Engagement and safety: Are they related?
By Madison Hanscom, PhD
Employees are engaged when they feel energized, dedicated to their job, and absorbed in their work (1). Engaged employees give companies a competitive advantage because they are willing to go the extra mile. Engagement researchers have found that employee engagement is associated with less burnout and absenteeism, higher job satisfaction, less turnover, stronger organizational commitment, better job performance, and an improved service climate (2). In addition to the organizational benefits, engaged employees experience health benefits such as lower levels of anxiety and depression, higher levels of perceived physical health, and quicker recovery time from work (3).
Clearly, it is wise to strive for an engaged workforce. But how does it translate into safety? Results from a meta-analysis (a study that combines the results from many scientific studies) on employee engagement and business outcomes showed that engagement has strong positive effects on safety (4). And business units within the top quartile of engagement scores have 70% fewer safety incidents compared to bottom-quartile units (5).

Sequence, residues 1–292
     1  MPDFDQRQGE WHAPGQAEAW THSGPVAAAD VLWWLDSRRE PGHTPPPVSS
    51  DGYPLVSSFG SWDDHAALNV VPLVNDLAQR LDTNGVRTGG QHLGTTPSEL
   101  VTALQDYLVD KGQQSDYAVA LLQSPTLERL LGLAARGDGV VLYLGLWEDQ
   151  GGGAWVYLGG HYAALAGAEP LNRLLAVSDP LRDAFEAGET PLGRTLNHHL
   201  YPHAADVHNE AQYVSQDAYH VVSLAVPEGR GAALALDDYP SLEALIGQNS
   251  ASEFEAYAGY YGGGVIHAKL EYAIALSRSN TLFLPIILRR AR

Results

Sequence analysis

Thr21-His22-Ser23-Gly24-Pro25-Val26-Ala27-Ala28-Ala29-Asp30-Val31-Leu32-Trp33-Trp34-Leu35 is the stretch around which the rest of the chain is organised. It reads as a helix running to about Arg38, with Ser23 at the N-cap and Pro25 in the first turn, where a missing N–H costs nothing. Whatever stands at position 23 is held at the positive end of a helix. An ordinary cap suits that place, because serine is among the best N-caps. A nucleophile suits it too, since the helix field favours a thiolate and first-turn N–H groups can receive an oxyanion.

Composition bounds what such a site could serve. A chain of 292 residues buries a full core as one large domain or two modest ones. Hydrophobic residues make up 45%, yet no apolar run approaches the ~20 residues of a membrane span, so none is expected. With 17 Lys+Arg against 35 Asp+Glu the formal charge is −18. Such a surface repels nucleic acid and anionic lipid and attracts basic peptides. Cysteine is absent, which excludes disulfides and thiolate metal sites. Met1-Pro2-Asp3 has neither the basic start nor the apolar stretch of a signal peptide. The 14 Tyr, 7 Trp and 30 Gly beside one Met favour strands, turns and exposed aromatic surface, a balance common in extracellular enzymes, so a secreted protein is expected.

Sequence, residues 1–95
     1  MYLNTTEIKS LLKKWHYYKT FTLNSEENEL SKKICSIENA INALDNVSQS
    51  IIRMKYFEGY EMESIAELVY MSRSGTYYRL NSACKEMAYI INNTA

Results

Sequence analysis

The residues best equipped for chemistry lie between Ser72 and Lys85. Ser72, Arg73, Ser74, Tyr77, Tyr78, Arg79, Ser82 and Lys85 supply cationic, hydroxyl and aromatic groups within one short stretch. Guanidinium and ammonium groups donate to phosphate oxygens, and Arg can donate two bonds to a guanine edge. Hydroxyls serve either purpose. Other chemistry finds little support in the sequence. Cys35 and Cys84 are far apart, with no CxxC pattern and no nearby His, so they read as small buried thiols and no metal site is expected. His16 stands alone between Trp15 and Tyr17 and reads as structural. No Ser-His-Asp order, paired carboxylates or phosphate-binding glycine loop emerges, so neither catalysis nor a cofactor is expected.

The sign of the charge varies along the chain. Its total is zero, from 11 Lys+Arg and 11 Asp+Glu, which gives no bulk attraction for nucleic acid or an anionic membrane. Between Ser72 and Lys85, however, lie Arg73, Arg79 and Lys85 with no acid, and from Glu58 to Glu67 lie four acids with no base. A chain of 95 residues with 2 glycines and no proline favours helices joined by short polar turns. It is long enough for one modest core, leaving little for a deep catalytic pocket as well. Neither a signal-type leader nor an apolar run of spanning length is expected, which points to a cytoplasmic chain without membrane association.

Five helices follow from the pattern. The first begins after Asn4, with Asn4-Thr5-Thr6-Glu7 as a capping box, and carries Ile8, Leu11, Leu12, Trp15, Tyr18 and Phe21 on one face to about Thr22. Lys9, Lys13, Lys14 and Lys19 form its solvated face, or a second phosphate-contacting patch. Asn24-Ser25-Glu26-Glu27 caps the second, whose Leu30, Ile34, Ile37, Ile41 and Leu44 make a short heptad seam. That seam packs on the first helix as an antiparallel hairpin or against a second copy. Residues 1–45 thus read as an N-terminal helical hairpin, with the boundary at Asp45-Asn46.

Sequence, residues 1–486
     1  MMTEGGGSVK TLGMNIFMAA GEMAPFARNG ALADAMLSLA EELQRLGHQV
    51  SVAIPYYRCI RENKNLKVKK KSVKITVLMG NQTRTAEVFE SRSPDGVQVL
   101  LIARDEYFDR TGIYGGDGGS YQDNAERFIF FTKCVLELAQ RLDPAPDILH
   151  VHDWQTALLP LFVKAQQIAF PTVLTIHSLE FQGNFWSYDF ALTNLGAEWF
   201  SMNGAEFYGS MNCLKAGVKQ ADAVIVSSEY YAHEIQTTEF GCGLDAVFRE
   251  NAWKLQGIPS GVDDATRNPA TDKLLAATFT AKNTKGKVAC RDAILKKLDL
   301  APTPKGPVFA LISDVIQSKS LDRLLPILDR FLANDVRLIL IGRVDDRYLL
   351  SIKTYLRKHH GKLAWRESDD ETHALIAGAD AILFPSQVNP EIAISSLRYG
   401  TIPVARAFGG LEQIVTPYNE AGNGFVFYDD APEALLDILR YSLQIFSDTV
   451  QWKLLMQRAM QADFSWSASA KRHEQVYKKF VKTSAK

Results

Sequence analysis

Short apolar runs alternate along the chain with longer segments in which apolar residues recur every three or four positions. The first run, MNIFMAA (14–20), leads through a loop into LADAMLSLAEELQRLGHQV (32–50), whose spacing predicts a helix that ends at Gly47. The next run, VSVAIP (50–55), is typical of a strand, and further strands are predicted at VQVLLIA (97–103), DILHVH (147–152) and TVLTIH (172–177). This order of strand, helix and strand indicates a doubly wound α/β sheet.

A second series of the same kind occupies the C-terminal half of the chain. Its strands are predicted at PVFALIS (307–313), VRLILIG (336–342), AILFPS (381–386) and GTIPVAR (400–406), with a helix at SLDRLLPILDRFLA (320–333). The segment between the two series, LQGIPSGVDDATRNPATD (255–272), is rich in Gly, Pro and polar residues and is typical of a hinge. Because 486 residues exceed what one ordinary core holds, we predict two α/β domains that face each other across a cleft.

Engagement and safety: In Short
Yes. Engagement and safety are related. Engagement can actually motivate employees towards safer work (6). Now this begs the question — how can we promote employee engagement in a safety context? Read more on the topic in our blog here.
At Propulo Consulting, we care about the health and wellbeing of all workers. We partner with you to improve the world of work using the latest insights from research. Our team has the expertise to help your business build a safer and healthier culture.
(1) Bakker, A. B., Schaufeli, W. B., Leiter, M. P., & Taris, T. W. (2008). Work engagement: An emerging concept in occupational health psychology. Work & Stress, 22(3), 187-200.
(2) Salanova, M., Agut, S., & Peiró, J. M. (2005). Linking organizational resources and work engagement to employee performance and customer loyalty: the mediation of service climate. Journal of Applied Psychology, 90(6), 1217.
(3) Saks, A. M. (2006). Antecedents and consequences of employee engagement. Journal of Managerial Psychology
(4) Harter, J. K., Schmidt, F. L., & Hayes, T. L. (2002). Business-unit-level relationship between employee satisfaction, employee engagement, and business outcomes: a meta-analysis. Journal of Applied Psychology, 87(2), 268.
(5) Rigoni, B., & Nelson, B. (2016). Retaining employees: How much does money matter?. Gallup Business Journal.
(6) Nahrgang, J. D., Morgeson, F. P., & Hofmann, D. A. (2011). Safety at work: a meta-analytic investigation of the link between job demands, job resources, burnout, engagement, and safety outcomes. Journal of Applied Psychology, 96(1), 71.